I saw a friend of mine yesterday at the library a little after 2pm. He and I began talking about finals (the topic de jeur during this last week of the semester) and he mentioned that he had to write a short story for his history class based on some of the stuff he’s been learning in class. I offered to look at his short story and critique it if he wanted, to which he said he’d send it over.
This evening I took a look at it and I wrote a quick critique of it before e-mailing my friend. After I finished and sent the email, I thought to myself, Hey, that’s the first time I critiqued something for a friend that wasn’t required by a class of mine. I don’t count that one time my sister asked me to look at her speech as she was running for a position on the board of the youth group we both belonged to in high school, mostly because we couldn’t get past the opening without her disagreeing about my assessment of the opening. God, that was a long time ago.
“This blog post is perhaps the worst thing I’ve ever read online. Now your friend’s short story…”
Okay, enough rambling. Back on topic:
I’ve been in two workshop classes in the past year, and I had to do a similar assignment to what my friend did when I took a world history course my first year in college. I’ve looked at a lot of short stories, occasionally had to look stuff up just to understand what a certain word meant or what the action revolved around, and written close to fifty critiques for each story. I’ve seen bad short stories, I’ve read ones that absolutely floored me with their first drafts, and I’ve read one or two that confused me so bad that I mentioned how confused I was in the critique letter.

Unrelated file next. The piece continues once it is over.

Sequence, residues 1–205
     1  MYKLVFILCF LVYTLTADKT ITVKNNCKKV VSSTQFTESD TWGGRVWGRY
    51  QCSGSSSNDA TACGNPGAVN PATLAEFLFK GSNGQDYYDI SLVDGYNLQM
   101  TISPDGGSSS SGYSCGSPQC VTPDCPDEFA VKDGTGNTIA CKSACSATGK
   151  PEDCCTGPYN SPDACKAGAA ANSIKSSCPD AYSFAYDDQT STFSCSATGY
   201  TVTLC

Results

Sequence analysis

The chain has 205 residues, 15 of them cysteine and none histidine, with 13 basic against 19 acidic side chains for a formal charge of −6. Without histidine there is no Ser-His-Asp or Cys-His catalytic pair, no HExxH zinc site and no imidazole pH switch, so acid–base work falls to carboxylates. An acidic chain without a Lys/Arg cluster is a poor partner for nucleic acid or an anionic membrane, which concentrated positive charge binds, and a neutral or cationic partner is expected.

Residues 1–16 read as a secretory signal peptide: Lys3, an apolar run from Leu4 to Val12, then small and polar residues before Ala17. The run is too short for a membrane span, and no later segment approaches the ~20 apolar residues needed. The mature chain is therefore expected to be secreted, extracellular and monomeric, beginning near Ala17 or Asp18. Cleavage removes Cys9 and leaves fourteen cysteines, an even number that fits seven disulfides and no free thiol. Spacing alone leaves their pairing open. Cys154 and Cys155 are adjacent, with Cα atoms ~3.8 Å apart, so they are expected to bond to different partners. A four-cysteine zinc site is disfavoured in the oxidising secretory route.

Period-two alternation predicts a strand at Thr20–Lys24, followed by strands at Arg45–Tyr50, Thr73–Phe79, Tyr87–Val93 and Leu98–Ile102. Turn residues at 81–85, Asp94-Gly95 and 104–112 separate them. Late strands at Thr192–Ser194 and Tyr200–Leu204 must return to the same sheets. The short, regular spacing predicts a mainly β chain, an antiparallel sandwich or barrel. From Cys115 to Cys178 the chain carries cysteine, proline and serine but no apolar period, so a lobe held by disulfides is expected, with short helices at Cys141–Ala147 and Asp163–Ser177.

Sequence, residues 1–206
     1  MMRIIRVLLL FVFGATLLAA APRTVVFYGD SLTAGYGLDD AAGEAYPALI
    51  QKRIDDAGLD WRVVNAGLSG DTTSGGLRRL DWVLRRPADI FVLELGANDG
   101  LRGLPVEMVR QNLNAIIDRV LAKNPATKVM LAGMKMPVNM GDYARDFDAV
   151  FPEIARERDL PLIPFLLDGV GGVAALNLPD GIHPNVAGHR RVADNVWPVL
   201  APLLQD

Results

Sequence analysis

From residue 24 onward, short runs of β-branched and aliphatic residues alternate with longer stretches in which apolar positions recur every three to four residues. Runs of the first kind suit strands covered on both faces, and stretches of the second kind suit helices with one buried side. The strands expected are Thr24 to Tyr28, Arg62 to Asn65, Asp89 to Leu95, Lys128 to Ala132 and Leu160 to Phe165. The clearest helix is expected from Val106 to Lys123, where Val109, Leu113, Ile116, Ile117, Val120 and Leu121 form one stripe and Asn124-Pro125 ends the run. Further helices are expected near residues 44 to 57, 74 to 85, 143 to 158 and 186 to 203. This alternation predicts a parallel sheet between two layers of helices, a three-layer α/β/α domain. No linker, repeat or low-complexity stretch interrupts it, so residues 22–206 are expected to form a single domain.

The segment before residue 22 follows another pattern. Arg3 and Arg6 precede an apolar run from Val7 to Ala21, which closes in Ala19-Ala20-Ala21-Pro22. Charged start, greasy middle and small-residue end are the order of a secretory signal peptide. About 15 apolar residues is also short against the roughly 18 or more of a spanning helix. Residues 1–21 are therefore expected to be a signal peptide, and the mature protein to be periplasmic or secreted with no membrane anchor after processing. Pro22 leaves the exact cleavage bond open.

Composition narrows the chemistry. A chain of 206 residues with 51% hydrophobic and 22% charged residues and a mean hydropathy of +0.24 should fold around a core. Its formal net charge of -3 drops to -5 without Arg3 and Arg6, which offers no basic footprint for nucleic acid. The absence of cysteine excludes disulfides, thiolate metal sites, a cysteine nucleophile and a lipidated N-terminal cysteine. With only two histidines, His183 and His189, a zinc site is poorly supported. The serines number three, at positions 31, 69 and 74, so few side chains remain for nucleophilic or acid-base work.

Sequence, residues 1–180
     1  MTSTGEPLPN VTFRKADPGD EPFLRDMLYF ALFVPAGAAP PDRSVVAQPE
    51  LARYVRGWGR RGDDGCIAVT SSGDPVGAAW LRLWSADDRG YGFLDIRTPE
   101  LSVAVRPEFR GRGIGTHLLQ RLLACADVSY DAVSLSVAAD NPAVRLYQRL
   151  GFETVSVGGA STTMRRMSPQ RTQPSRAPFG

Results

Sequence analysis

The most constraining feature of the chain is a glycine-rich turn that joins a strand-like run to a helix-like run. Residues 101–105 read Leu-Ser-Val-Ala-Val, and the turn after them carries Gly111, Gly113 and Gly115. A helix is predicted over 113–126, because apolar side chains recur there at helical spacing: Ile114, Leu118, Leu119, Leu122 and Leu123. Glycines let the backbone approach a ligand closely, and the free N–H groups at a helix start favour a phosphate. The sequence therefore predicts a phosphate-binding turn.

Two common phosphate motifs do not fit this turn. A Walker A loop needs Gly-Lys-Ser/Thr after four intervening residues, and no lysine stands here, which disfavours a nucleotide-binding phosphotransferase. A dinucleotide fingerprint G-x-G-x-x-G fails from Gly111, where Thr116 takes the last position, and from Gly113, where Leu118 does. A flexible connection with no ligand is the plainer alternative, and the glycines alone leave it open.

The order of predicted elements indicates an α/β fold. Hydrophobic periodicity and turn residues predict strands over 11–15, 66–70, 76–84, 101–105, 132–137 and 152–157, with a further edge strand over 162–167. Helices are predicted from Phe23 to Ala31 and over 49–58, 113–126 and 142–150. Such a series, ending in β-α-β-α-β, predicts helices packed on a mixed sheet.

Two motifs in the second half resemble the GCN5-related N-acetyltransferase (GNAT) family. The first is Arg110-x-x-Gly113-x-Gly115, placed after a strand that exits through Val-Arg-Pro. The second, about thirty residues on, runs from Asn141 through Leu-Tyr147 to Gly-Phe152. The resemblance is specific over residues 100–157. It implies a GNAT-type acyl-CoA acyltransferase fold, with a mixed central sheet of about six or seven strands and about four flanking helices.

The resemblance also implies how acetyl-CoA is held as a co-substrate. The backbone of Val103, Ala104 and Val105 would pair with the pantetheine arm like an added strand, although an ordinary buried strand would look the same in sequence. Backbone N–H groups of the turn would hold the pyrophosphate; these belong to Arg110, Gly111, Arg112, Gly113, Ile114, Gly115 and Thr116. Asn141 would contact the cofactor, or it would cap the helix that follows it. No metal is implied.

But writing for a friend…it’s an entirely different experience. You want to give them the best critique possible. You want to tell them their story has potential. You want to say they did a great job. You want to tell them it’s only a matter of time before they’re selling books in bookstores and receiving royalty checks. But at the same time, you have to point out flaws, you have to say that they should possibly rewrite the whole thing, and sometimes you have to tell your friend that, for one reason or another, the story stunk to high heaven and you absolutely hated it. It’s a very different experience than critiquing for classmates you don’t know that well, and finding a balance between kind to your friends and critical of the work is tough, especially if you’re sensitive to a friend’s feelings or there’s a chance that they may say their work is too high-brow and those who don’t like it or understand it are literary fools.
Luckily my friend doesn’t aspire to literary stardom and even if he did, he’s a chill dude who doesn’t get emotional over critiques. But still, I took his feelings into account when I critiqued his work, and I hope he appreciates the critique and isn’t daunted or upset by what I had to say. (For the record I wrote a very positive critique and suggested that he rewrite the story from the POV of the sheriff character and do more showing and less telling) It was the first time I understood what my friend Matt goes through every time he looks at a chapter of Reborn City for me and tells me what he thinks, and what my friends and family go through when they review my work for me, and it’s a pretty crazy feeling.
I’m not sure if I’ll ever do a critique like this ever again, though I’m sure I might be asked in the future to look at someone else’s work, especially if it’s for class. If I am asked by a friend to look at his work though, I hope I’ll be able to do a serviceable critique that will help them with their work and with their writing over time. Because if there’s one thing writers can do for each other, especially indie writers, it’s help to make each other’s work better and make sure they reach wider audiences.
What do you think when you get your work critiqued or someone critiques your work?